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An 348:extraction of anthelmintic drugs from a veterinary formulation using accelerated solvent extraction (ase)

Application Note 348
Extraction of Anthelmintic Drugs from a
Veterinary Formulation Using Accelerated
Solvent Extraction (ASE®)

INTRODUCTION
EQUIPMENT
Isolation of the active drug from some veterinary Dionex ASE 200 Accelerated Extractor with Solvent formulations can be difficult because the matrix is often complex. These difficulties were traditionally solved by 11-mL stainless steel extraction cells (P/N 055422) extracting with a wrist-shaker method, sonication, or Soxhlet. Although these techniques produce adequate Dionex collection vials, 40 mL (P/N 048783) results, they are very labor intensive and use large Analytical balance (accurate nearest 0.0001 g or better) amounts of solvent. The time required for these methodscan cause bottlenecks in the sample preparation area Sand (Ottawa Standard, Fisher Scientific, Cat. No. S23-3) and solvent use can cost the laboratory thousands of dollars in unwarranted expenses per year.
PTFE syringe Filter, 0.2 µm (Fisher Scientific) Accelerated Solvent Extraction (ASE) is an auto- mated extraction technique that uses the same solventsas traditional extraction methods but in significantly REAGENTS
smaller amounts and with minimal analyst exposure.
ASE achieves equivalent or better results in a fraction ofthe time by using increased temperature and pressure toenhance the kinetics of the extraction process. Thisentire process is fully automated and allows the unat- tended extraction of up to 24 samples.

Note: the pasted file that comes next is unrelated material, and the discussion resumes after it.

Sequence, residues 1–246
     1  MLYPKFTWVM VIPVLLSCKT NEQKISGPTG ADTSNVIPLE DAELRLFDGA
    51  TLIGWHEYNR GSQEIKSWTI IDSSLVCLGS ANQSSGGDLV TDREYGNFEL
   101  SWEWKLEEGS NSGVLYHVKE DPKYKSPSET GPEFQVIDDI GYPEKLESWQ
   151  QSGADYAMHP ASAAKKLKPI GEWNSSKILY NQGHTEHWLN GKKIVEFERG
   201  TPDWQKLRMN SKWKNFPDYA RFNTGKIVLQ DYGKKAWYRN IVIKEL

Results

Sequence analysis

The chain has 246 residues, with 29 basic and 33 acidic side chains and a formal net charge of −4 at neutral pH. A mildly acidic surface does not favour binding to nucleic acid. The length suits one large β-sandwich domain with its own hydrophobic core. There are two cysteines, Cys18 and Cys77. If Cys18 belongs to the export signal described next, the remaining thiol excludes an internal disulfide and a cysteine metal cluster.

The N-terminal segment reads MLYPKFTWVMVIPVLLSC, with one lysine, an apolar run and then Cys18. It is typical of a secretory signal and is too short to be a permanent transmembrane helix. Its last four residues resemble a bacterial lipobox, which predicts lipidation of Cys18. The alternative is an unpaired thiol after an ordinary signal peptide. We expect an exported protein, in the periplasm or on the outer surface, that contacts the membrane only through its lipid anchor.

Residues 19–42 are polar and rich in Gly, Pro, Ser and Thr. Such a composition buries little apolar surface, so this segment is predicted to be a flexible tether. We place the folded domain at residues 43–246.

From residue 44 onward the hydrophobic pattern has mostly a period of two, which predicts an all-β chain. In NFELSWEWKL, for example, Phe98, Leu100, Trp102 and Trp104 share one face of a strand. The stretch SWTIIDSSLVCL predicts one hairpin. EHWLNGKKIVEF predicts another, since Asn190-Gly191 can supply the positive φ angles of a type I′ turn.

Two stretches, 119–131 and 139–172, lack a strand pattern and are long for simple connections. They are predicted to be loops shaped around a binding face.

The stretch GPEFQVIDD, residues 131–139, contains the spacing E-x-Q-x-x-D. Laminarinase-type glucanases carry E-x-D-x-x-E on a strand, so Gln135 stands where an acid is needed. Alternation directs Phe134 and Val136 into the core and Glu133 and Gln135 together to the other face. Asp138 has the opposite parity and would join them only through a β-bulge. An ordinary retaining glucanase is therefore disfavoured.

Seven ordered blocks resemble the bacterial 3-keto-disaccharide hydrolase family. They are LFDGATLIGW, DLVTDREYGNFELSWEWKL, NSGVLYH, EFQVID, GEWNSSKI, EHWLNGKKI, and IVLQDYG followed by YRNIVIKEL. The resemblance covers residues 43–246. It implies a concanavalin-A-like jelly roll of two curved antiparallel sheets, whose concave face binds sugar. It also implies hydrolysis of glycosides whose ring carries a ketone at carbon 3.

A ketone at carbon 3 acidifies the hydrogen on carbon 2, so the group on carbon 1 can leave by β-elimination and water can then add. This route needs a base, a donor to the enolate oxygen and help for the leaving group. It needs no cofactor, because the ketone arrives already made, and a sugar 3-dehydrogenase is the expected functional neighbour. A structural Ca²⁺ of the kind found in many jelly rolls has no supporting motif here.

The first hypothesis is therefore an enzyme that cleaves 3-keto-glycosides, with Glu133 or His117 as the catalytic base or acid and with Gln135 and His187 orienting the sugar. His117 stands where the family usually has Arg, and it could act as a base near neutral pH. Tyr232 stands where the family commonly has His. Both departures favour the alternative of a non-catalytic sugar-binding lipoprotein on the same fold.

This application note describes the extraction of the two active species of ivermectin (H2B1a and H2B1b), an anthelmintic drug, from a veterinary formulation contain- ing dried meat products. This formulation is used to treat household cats and dogs for heartworm disease. Figure 1 shows the chemical structure of ivermcetin.
Component B
R = CH2CH3
Component B1b
Figure 1. Chemical structure of ivermectin.
Application Note 348
SOLVENTS
Table 1. ASE Recovery of Ivermectin from Spiked
Placebo Samples
(All solvents are pesticide-grade or equivalent and Target* %
EXTRACTION CONDITIONS
* Shows a range of 50–150% of the target concentration (0.9 µg/mL) Table 1 shows the results of extracting placebo preparations spiked with a varying range of ivermectinconcentrations (50–150%). The average recovery for all SAMPLE PREPARATION
The tablet should be finely ground using a food Table 2 shows the precision of the ASE method. Six processor or coffee grinder to a powder that can pass preparations from one lot of HEARTGARD® Chewables through a Tyler 10 sieve. Accurately weigh out approxi- for Cats were extracted and analyzed. The average mately 0.5–1.5 g of the powder and blend with 1.5 g of percent recovery for these six preparations was 102.3% Hydromatrix using a mortar and pestle. Transfer the with an RSD of 0.90%. These recovery and precision mixture to an 11-mL stainless steel extraction cell values are as good or better than observed with tradi- containing a cellulose filter. Top off any dead space in the cell with Ottawa sand. Prepare any other tabletsamples and load them into extraction cells.